Becoming a 10X engineer (is it possible?) by@fullyfunctional

Becoming a 10X engineer (is it possible?)

June 23rd 2022 1,042 reads
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Chris Barrett

According to the myth, there are engineers who can contribute 10X more than their peers. I don’t know whether this is possible or not, and I haven’t got a good metric for productivity (right now, does anyone?!). I’d want to be one of the engineers who contributes 10x more so I need to find a way to measure and drive self-improvement.
If we use Peopleware as a guideline
* Count on the best people outperforming the worst by about 10:1.
* Count on the best performer being about 2.5 times better than the median performer.
* Count on the half that are better-than-median performers outdoing the other half by more than 2:1
If I rate myself as a median engineer at Microsoft, then I’m looking to have 2.5X more impact by this time next year.
Step one: Finding an initial metric to judge impact.
There’s no point in performing an experiment without having a metrics,
  • Lines of code written (very dependent on framework/language/project life-cycle)
  • Number of bugs found (potential would vary widely by task and project)
  • Number of tasks completed weighted by complexity/time estimated (as long as tasks are tracked)
Number of tasks completed seems like the least flawed metric. I believe it might be a blend of all 3 and more…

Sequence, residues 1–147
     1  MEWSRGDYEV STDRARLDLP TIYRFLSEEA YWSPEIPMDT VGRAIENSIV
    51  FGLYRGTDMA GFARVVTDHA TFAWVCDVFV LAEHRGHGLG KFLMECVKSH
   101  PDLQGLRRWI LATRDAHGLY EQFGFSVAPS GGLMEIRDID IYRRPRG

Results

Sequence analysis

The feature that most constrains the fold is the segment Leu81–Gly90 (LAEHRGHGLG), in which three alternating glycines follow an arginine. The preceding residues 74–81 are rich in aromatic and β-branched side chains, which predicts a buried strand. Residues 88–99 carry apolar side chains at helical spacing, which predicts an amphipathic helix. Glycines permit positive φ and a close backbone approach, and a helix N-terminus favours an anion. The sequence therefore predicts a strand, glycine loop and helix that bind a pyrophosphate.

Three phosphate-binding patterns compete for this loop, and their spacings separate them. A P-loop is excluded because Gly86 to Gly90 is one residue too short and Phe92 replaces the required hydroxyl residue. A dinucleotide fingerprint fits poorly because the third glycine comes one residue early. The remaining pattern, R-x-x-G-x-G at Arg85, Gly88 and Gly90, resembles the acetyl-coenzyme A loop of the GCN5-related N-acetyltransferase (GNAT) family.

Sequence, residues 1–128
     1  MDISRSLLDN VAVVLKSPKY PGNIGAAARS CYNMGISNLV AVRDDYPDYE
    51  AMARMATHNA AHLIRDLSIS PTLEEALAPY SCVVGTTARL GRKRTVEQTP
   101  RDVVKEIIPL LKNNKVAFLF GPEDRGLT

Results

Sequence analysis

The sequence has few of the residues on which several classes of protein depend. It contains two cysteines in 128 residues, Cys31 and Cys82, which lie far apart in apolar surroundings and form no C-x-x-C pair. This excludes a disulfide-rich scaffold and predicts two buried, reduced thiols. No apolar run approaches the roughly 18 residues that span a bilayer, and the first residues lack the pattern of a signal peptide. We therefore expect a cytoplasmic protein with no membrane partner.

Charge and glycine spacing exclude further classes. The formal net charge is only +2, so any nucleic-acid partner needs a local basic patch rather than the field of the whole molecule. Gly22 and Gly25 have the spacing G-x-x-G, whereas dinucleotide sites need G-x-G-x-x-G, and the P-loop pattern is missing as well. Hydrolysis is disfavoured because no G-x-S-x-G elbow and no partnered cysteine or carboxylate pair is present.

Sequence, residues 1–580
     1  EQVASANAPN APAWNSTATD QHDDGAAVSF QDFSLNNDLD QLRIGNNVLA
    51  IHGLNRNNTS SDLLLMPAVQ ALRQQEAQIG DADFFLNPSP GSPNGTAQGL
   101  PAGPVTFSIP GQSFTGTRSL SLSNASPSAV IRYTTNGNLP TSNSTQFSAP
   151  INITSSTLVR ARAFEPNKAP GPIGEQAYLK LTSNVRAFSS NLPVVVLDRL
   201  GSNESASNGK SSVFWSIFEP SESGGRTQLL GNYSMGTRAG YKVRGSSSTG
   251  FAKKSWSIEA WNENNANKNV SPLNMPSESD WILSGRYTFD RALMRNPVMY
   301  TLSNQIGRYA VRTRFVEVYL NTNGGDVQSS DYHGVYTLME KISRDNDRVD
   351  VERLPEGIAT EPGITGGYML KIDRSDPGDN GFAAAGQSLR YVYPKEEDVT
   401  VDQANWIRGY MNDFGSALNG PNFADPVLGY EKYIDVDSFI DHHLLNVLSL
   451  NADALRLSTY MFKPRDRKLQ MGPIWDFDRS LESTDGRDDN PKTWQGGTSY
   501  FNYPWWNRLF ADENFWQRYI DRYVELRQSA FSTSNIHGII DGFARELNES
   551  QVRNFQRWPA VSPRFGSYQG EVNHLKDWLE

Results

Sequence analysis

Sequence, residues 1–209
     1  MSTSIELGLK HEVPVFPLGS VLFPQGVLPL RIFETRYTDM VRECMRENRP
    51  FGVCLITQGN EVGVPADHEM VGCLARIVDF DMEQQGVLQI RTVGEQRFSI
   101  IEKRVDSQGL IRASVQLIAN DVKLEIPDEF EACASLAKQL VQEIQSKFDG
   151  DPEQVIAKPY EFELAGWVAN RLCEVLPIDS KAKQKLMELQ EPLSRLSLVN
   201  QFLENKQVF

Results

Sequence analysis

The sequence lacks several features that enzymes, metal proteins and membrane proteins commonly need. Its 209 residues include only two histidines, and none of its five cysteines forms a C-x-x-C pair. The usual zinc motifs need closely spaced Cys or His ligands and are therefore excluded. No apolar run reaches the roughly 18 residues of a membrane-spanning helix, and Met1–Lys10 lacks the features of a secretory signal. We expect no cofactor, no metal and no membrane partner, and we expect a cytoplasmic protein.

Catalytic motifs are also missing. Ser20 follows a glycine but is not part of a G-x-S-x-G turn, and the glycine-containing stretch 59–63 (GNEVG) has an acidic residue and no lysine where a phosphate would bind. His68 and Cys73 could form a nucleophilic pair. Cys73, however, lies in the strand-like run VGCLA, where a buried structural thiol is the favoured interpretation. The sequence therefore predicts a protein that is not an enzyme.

Step two: Finding out how I work
Initial theory, if I can track how I spend my time I will be able to optimize it to be more productive.
Data I might be able to collect
  • Time spent on workstation (windows event logs?)
  • Active application (some windows service?)
  • What I’m reading in Chrome (chrome plugin)
  • Amount of time in meetings (outlook calendar)
  • Amount of time spent helping others (call history on Skype, currently remote)
  • Overall satisfaction with day (daily survey before leaving work?)
Slightly less on topic but maybe correlated
  • Number of cans of soft drink vs water (part of daily survey)
  • Time spent at lunch (windows event logs?)
  • Time spent walking around the office (windows event logs?)
  • Number of tabs/applications open (some windows service?)
  • Amount of sleep (some sleep app)
Task: time to start writing services to collect as many data points as possible!
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